All patients were recruited from the Neurovascular Outpatient Clinic at the Ribeirão Preto School of Medicine, after being evaluated by the medical staff and later referred to the rehabilitation department. These subjects were submitted to a motor assessment, with the execution of free movement of both UL, and gait test for 20 yards. All subjects had grade 5 in muscle strength in their LL on a force scale of 0-5. The participants were also tested for a cognitive assessment, using the Mini Mental State Examination29. The subjects that showed a good free range of motion and scored <15 points for the illiterate, or <22 for 1 to 11 years of education or even education <27 with more than 11 years were eligible to participate in the study and were analyzed in relation to their inclusion and exclusion criteria29. The patients who met the inclusion criteria signed the informed consent form were enrolled in this study. The study protocol was approved by the Human Research Ethics Committee of Clinics Hospital at the Ribeirão Preto School of Medicine, Universidade de São Paulo, Ribeirão Preto, SP, Brazil (protocol number 5995/2006). It was registered in the Brazilian National Information System on Ethics on Human Research (CAAE-0119.0.004.000-06) and prospectively registered in the Australian New Zealand Clinical Trials Registry (ACTRN12611000411943).
During the study, subjects declared that they were not participating in any other rehabilitation protocol.
Immobilization, mobilization, and stretching of the NPUL
Immobilization was performed by means of a tubular mesh involving the NPUL in abduction, rotating the shoulder internally, allowing elbow flexion above 90º (Figure 2).
This immobilization was maintained for 23 hours during five days a week over a period of four weeks. The tubular mesh was removed every day by the researchers for cleaning, mobilization, and stretching the UL. On Saturdays, the caregiver or family members were instructed to remove the tubular mesh of the participants, at the same hour the physical therapy sessions. Throughout the weekend, the patient was then free to move both UL normally. The NPUL mobilization was performed by using traction techniques and joint circular movements, with 30 repetitions for each joint. All muscle groups of the UL were stretched. A total of three repetition consisted of keeping the extension pressure for 45 seconds were performed. This procedure enabled the patient to have unrestricted movements for at least 60 minutes. Then, another immobilization was prepared using a new tubular mesh.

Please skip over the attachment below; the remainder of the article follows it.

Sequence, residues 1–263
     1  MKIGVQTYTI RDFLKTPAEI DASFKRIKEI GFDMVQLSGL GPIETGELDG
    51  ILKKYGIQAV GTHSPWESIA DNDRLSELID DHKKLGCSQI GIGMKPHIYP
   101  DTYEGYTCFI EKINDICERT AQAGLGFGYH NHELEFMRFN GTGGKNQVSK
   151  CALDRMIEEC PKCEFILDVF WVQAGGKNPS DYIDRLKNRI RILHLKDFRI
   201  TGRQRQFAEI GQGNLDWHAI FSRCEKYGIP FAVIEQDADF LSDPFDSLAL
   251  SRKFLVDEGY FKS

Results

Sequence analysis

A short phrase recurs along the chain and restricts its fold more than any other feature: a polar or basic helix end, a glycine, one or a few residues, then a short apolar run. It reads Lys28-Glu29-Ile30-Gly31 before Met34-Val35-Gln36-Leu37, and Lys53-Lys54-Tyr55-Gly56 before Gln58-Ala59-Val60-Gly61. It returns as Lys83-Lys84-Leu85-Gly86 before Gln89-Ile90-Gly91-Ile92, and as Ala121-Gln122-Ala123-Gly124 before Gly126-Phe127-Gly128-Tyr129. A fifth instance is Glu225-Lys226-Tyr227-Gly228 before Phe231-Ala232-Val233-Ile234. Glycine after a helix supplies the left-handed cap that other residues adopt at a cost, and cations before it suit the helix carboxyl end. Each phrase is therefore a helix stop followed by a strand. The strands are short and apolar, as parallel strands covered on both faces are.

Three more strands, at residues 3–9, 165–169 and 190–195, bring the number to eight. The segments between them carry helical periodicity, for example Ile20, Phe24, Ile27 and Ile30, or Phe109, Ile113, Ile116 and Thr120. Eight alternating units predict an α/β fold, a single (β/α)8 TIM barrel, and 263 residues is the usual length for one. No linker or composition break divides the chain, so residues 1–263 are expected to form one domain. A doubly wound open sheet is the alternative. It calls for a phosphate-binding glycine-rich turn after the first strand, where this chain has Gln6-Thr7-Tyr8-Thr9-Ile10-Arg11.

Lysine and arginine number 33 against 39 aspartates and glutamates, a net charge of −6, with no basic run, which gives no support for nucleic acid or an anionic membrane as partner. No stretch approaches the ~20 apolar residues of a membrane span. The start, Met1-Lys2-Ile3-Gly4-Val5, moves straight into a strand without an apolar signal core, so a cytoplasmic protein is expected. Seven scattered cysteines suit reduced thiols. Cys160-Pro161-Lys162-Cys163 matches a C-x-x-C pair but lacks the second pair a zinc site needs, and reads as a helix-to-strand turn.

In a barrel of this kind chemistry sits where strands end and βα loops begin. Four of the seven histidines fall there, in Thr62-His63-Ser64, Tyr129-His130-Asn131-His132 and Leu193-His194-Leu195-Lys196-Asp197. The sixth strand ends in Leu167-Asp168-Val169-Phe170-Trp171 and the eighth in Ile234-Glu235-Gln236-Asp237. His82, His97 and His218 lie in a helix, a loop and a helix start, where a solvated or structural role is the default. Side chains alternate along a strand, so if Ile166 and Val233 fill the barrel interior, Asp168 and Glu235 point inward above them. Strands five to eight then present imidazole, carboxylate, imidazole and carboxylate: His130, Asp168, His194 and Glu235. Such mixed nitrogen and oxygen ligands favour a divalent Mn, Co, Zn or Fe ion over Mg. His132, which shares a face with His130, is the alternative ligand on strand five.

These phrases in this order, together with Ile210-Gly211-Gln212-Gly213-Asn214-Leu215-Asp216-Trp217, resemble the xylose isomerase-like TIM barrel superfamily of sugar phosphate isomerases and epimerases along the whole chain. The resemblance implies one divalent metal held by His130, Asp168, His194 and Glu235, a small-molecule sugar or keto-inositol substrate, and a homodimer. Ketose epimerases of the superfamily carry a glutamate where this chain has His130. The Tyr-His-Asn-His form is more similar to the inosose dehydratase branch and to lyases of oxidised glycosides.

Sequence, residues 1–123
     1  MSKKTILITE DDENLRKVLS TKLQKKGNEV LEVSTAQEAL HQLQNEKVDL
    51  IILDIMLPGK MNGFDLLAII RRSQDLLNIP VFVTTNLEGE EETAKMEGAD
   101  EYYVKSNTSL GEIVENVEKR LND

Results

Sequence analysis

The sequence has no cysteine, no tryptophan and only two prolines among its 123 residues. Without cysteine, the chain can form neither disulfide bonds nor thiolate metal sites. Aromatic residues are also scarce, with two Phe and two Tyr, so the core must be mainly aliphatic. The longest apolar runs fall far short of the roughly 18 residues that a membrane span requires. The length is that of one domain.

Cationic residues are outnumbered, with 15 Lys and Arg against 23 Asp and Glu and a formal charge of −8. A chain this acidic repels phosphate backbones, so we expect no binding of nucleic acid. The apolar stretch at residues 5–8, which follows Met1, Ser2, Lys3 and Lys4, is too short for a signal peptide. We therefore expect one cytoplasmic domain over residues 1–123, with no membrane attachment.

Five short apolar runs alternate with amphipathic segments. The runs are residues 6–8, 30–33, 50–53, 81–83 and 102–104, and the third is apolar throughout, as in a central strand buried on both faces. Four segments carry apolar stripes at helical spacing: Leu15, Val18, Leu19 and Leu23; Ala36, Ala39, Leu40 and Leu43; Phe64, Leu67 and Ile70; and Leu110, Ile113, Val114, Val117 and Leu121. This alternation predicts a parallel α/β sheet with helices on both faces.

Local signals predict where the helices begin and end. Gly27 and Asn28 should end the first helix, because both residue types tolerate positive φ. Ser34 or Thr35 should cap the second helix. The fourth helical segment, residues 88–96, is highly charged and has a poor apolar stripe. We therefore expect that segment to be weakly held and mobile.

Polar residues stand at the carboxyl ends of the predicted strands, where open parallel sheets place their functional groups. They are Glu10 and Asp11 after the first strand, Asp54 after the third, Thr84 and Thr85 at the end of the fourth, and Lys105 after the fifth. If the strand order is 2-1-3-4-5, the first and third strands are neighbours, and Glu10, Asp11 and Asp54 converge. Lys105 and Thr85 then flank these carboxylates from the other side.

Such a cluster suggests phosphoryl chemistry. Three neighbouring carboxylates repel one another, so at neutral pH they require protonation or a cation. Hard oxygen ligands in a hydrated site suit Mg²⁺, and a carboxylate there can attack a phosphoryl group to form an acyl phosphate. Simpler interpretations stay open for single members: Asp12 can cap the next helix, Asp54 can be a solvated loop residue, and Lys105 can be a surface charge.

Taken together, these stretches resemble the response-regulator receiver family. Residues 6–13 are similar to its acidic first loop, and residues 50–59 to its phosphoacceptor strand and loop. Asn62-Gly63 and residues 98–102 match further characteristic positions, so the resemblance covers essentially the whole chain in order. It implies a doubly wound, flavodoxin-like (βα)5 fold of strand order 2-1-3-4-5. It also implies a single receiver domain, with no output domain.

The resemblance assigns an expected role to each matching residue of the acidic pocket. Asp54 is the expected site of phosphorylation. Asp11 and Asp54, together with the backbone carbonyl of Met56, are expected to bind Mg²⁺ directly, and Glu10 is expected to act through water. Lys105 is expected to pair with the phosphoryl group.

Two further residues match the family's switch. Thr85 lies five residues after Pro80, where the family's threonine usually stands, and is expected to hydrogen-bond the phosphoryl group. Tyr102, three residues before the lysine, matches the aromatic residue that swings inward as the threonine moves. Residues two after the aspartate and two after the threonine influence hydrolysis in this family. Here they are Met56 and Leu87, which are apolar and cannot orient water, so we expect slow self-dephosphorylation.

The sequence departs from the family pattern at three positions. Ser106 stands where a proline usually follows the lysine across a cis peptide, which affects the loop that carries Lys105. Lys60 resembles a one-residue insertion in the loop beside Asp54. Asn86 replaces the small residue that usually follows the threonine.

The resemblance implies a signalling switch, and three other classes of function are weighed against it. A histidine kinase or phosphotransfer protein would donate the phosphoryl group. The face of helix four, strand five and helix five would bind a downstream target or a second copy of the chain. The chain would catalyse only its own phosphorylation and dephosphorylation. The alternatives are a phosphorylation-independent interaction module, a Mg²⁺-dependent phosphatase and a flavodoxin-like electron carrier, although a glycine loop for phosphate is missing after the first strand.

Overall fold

Motor stimulation of PUL
Subjects in the mCIMT attended an exercise-training program for 5 days a week. The program was applied only to the PUL. Each session lasted 50 minutes on average of and during this period the NPUL was maintained free next to the body. Bimanual activity was only permitted in special tasks, i.e. manipulation tasks with paper clip, but the PUL should be the main conductor of activity. Each session included a 5-10 minutes warm-up periods, scapula mobilization, flexion exercises that were combined with shoulder abduction, elbow extension and wrist extension flexion movements. In addition trunk extension and rotation associated with UL movements, and functional activities such as unlocking a door, among other tasks were performed30-33. All exercises were performed using three series of 10 repetitions and the rest interval was determined for each subject in order to avoid fatigue and excessive tiredness. LL was not stimulated in both groups. Exercises were performed with subjects sitting on a chair with standard dimensions at a maximum range and with some resistance by the physical therapist, whenever possible. For the functional activities we used a support table.
Motor evaluation was performed on a weekly basis (except for the admission scale) during the 4-week treatment period and every 30 days after treatment for three months. There were eight assessment time-points of evaluations: initial (baseline), three weekly (1st, 2nd, and 3rd weeks), post-treatment (4th week), and monthly follow-ups over three months period (1st, 2nd, and 3rd follow up). The physical therapist responsible for evaluating all the subjects was blinded to the treatment groups.